Originally posted by The Universal Declaration of Human Rights on October 22, 2023 16:32
Over the last 100 or so years, the United States and many other countries around the world have come a long way in terms of erasing pseudo-scientific ideas and influences from their laws and governments. However, these ideas still persist in many ways, even though they might not be terribly obvious on the surface of a country. While they were in use, pseudo-scientific ideas about race bled into American society and affected many significant events of American history. Because of this, these ideas are now a part of American history and still have a prevalent effect on the lives of millions around the country today. Although the racist policies of the past are no longer in place officially, there are many who choose to act as though they still are, perpetuating racist ideas and racist actions into the present day and into the foreseeable future. In addition to this, the widespread use of the internet gives people who believe in racist ideas a platform to spread their ideas and misinformation to millions of people who otherwise would have been unaffected by them, and there is next to no way to stop them from doing so because of the very limited amount of restrictions there are to posting things on the internet and the outrage that would occur if such restrictions were to be put in place. The only way to counter the spread of these ideas across the internet is to oppose them with posts of antiracist topics and to spread antiracist ideas more quickly and widely than racist ideas can be spread.
Racist ideas can also have been founded in the past and then carried into the present just because they never died out. An example of this is that during the Chinese Exclusion Act of 1882, there was a stereotype that Chinese people were very hardworking and were willing to work for a much smaller salary than your average American worker, because people were afraid of losing their jobs to Chinese immigrants. This stereotype is still seen and referenced today, and you can even see and hear many jokes about it, leading to people being desensitized to these stereotypes and allowing them to create even deeper roots in American society. Even though the Chinese Exclusion Act was repealed 80 years ago, stereotypes still exist from that era today, showing how even after they are no longer relevant to the inner workings of society and government, racist ideologies will persist in other forms.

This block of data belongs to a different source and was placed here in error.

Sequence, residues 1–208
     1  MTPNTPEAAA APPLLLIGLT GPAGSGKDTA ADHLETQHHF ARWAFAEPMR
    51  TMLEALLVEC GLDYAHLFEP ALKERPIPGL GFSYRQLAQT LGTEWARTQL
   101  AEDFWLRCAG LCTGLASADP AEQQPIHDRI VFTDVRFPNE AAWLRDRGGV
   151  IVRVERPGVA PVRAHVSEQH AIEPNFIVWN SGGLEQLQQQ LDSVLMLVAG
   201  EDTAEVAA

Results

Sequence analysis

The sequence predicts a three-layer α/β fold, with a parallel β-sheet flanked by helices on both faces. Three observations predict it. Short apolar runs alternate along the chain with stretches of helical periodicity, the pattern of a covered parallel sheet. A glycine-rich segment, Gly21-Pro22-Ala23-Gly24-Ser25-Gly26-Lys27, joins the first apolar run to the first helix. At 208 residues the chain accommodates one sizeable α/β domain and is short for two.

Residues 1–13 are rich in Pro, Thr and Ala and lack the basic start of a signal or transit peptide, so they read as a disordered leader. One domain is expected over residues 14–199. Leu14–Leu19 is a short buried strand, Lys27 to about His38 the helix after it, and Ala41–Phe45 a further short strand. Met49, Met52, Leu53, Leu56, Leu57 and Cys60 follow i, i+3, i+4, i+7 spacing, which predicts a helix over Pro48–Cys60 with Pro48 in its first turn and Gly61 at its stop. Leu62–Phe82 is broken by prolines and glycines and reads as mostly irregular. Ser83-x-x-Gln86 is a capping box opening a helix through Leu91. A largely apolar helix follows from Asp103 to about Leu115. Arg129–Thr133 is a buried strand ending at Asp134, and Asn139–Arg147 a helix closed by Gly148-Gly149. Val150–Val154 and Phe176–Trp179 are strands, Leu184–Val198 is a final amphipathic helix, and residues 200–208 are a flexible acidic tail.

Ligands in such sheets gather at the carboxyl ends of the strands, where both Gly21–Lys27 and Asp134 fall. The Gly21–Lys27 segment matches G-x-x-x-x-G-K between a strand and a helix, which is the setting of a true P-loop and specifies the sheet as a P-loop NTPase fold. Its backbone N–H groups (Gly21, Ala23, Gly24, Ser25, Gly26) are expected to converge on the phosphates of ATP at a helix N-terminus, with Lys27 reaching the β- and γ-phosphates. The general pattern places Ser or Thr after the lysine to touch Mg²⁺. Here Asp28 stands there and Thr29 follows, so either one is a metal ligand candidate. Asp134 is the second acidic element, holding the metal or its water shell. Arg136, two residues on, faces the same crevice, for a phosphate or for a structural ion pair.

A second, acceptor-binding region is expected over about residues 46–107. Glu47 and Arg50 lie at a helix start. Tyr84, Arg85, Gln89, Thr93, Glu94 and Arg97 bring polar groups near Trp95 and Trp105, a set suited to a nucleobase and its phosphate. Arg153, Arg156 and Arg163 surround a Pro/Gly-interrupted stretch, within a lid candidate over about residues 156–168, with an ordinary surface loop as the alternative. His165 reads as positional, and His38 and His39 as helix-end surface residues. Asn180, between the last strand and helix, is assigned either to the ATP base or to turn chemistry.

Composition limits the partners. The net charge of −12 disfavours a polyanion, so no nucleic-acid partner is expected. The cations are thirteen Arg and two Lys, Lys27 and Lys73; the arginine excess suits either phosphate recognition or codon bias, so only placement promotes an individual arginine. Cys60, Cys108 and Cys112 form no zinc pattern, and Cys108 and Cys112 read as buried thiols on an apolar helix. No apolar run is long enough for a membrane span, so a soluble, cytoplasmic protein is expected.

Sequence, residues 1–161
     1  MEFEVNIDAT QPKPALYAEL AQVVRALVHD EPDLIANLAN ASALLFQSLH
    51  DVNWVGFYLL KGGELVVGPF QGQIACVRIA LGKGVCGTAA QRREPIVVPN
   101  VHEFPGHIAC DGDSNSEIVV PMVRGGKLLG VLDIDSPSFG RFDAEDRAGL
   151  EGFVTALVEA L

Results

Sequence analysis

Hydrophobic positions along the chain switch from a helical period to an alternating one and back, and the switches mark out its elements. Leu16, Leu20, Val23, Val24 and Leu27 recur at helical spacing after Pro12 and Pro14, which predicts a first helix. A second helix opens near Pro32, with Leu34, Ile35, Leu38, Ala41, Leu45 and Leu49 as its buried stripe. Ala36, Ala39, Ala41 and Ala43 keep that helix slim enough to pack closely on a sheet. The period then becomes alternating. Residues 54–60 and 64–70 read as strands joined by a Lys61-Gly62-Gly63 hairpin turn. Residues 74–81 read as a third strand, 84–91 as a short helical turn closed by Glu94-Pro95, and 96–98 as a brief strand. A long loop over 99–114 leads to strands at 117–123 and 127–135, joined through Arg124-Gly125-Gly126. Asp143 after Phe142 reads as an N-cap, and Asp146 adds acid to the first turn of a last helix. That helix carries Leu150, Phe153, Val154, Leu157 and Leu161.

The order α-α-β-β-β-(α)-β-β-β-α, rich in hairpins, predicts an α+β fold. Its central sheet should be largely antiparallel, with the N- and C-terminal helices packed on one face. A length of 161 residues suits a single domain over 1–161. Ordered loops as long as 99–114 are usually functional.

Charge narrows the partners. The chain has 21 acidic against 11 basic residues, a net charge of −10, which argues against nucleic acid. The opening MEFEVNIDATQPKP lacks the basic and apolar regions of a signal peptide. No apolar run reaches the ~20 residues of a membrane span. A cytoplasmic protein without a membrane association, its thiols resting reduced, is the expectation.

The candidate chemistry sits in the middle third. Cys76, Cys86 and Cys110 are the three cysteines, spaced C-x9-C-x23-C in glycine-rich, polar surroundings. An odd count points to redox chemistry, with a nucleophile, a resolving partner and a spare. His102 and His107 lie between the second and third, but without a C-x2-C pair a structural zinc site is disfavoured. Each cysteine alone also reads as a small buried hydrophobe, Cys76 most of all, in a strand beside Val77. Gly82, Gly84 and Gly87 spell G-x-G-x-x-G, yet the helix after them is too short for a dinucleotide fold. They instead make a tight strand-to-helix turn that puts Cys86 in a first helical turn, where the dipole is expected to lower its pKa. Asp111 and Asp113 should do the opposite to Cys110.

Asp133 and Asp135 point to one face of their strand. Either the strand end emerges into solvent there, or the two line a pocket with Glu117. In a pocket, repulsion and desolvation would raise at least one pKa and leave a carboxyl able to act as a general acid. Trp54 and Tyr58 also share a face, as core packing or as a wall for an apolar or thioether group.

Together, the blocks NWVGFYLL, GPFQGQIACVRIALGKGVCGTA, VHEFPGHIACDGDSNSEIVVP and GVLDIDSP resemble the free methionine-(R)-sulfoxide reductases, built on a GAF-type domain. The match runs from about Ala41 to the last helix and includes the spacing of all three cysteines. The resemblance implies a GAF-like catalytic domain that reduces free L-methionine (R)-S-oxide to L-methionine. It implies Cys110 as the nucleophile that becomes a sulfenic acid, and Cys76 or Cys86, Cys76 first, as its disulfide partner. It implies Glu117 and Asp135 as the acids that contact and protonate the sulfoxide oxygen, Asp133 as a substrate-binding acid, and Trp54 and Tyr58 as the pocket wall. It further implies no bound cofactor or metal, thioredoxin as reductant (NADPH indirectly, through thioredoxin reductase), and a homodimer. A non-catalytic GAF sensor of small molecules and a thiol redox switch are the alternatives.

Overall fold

Pseudo-scientific ideas about race are very useful to people who are looking to spread hate in society. They give them an easy way to justify racist ideas to themselves and others, and convince people using false science that people of other races are inferior to them. This has been true for a long time, and was even the reason that pseudo-scientific ideas began to be used by European and American powers in the first place. If a country can justify its conquest and mistreatment of the people of another country using “scientific” methods, people will accept it much more easily than if they just said that they were abusing another group of people because they wanted to. It creates a sort of “us” vs. “them” idea in society if people feel like foreigners are fundamentally different from them and therefore deserve to be subservient to their country, making people believe in their country’s terrible actions much more easily.
Overall, pseudo-scientific ideas about race are certainly still an infectious part of today’s society because certain groups are aware that by perpetuating these ideas, they are put at an advantage and that is an advantage that they don’t want to lose. As long as we continue to give these groups privilege and advantage because of things they cannot control, pseudo-scientific ideas won’t go away.
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I love how you emphasize the current pervasive ideas that spawned from these pseudo-scientific ideas. We mustn't fall into the trap that forces us to think that these ideas were only used in the 19th and 20th century because we can see them right now. We can see them in the school system, the work system, police brutality, and more.